Related story: Atlantic Avenue business sales drive Delray’s value increase
By Mary Hladky
As the housing market collapse fades into memory, the taxable value of Palm Beach County properties has risen to within striking distance of the historic high set in 2007.
Estimates released by Property Appraiser Gary Nikolits’ office on May 27 show that taxable values have increased for the fifth year in a row.
Countywide, the amount grew by 7.85 percent from 2015 to 2016, to $164.5 billion. That is just short of the record high of $169.5 billion, and well above the low point of $124.4 billion in 2010.
Delray Beach bested other cities and towns in south Palm Beach County, with taxable values rising 10.1 percent. Boynton Beach jumped 7.7 percent and Boca Raton rose by 6.7 percent.
The county and its 38 cities and towns could soon completely wipe out the losses of the recession, Nikolits said.
“It is probably within the next couple of years. We are practically there now,” he said. “We will be back to where we would have been if we had not gone through all the upheaval.”
Local governments will use Nikolits’ estimates to calculate how much property tax money they can expect in the coming year and to set their annual budgets and 2016-17 tax rates.
A preliminary tax roll will be submitted to the state on July 1, and governments then approve new budgets and tax rates — a process that ends in about mid-September before the start of the new fiscal year on Oct. 1.
An increase in taxable values means that the county, cities and towns will collect more money from property owners if they keep their tax rates the same as last year.
While elected officials can increase the tax rate, most typically are loath to do so and anger residents. They also can reduce the tax rate any amount or enough that the new rate will bring in the same amount of tax revenue as last year.
“It is a double-edged sword,” Nikolits said of the rise in taxable value. “It is good news for the property owner. It is bad news for the taxpayer, who is usually the same person, because it affords the taxing authorities the ability to take in even more tax revenue. It is a very rare taxing authority that won’t take advantage of that.”
Indeed, only seven of the county’s cities and towns lowered their property tax rates enough to avoid tax increases last year.
Boca Raton was among those that did not do that. But Mayor Susan Haynie notes that the city has the lowest tax rate of any “full service” city in the county, meaning a city that does not outsource any of its municipal services. The current property tax rate is $3.67 for every $1,000 of assessed property value.
“The important thing is we are able to provide world-class municipal services at the lowest tax rate in the entire county,” she said.
Delray Beach City Manager Don Cooper said his city’s gains in part reflect development in the central business district. The projects fall within the Community Redevelopment Agency area and, as a result, any additional tax revenue generated will remain within the CRA rather than benefiting the city as a whole.
Cooper said it’s too early to predict next year’s property tax rate since the 2016-17 budget is still being worked on. The current rate is $7.33 per $1,000 of assessed property value.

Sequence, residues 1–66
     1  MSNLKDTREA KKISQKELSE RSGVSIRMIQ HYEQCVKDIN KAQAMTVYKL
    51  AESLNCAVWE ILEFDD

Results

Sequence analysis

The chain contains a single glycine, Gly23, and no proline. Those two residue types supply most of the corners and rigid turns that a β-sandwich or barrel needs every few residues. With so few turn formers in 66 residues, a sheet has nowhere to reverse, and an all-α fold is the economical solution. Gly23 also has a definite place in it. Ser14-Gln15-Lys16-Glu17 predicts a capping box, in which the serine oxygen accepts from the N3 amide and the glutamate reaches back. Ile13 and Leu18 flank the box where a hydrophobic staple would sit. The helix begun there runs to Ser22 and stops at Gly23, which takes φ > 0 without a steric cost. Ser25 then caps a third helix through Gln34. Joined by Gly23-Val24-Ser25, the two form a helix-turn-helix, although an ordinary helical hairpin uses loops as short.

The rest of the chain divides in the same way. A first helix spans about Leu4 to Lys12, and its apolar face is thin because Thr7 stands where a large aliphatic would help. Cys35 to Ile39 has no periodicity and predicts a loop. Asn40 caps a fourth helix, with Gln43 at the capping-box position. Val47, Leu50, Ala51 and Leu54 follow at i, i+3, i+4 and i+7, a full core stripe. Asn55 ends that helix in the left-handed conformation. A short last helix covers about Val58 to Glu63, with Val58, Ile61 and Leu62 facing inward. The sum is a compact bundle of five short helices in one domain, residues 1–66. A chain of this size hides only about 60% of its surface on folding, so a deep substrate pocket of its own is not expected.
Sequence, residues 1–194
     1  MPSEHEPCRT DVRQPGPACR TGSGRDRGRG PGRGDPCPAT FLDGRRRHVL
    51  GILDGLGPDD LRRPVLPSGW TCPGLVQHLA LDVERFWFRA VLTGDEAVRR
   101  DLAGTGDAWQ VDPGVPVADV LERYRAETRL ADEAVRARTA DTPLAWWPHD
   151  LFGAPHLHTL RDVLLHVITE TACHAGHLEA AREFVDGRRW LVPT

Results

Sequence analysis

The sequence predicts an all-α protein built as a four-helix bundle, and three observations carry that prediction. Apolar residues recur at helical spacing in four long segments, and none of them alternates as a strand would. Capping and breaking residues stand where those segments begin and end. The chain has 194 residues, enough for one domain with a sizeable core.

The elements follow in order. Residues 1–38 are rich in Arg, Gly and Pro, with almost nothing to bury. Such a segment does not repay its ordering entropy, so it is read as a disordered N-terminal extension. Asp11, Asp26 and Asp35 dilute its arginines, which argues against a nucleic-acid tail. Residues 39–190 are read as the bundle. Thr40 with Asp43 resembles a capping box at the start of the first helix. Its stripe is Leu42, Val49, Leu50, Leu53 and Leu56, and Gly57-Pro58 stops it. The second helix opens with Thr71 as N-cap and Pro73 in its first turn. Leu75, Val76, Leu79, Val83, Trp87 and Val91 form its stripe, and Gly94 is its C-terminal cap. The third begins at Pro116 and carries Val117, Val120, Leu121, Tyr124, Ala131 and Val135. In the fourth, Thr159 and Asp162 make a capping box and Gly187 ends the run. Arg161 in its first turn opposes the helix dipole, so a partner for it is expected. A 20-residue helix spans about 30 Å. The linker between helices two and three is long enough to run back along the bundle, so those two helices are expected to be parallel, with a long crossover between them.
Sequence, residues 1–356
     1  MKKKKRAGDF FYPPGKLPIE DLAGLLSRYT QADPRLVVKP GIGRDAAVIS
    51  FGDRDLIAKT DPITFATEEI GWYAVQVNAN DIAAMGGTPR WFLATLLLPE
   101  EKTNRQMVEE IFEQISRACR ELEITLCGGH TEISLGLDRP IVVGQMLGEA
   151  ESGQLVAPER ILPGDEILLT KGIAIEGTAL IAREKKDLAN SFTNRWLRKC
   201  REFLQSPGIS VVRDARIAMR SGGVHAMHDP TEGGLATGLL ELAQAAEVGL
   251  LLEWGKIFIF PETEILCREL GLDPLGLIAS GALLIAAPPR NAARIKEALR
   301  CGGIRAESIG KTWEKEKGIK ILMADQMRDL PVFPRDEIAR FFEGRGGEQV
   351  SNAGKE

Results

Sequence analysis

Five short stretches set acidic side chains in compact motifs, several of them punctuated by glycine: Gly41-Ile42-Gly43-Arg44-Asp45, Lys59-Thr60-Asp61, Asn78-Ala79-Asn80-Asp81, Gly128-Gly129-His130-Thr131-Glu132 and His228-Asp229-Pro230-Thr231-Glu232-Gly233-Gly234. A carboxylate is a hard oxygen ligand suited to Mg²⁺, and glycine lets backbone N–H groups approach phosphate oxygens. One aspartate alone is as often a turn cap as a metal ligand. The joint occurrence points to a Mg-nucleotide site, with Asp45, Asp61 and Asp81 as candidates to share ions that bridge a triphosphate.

“We certainly are not going to go up,” he said. “We will stay the same or drop.”
Boynton Beach officials declined to talk about the tax rate. It currently is $7.90 per $1,000 of assessed value.
Taxable values increased by 7.3 percent in Briny Breezes, 5.5 percent in Gulf Stream, 6.5 percent in Highland Beach, 9.1 percent in Lantana, 9.9 percent in Manalapan, 7.5 percent in Ocean Ridge, and 7.9 percent in South Palm Beach.
While estimated taxable values have gone up, the property appraiser’s numbers show growth has slowed in recent years. Taxable values jumped 9.7 percent countywide last year. In just two other examples, Boynton Beach was up 10.1 percent while Boca Raton increased 7.6 percent from 2014 to 2015.
Before the real estate crash, a 4 percent to 7 percent increase “was considered a normal market,” Nikolits said. “What we are seeing over the last two years is that we are returning to a more normal market — not double digit (increases).”
The average increase for all cities was 8.22 percent.
Realtors have noted that increases are slowing.
“Sales prices for high-end properties in the coastal communities have regained ground lost during the recession and then some,” said Pascal Liguori, a broker associate with Premier Estate Properties. “Now prices are beginning to level off, reflecting a more normal rate of appreciation.”
Yet the market remains very active, he said. “It always goes back to the fact that there is more demand for property in the coastal areas than there is supply,” he said.
Jack Elkins, an agent with Fite Group, agrees demand remains strong in the coastal communities, although values now are edging up rather than skyrocketing.
One change he is seeing that bolsters business is that instead of buying vacation homes, more out-of-staters in the market for luxury homes are opting to become Florida residents. As a result, he said buyers are willing to pay more for a permanent home than a vacation property.
While not certain why this is happening, he posits that changes in tax laws up north are making it more expensive to live there. Florida has low taxes and owners can homestead for additional tax savings.
Michelle Quigley contributed to this story.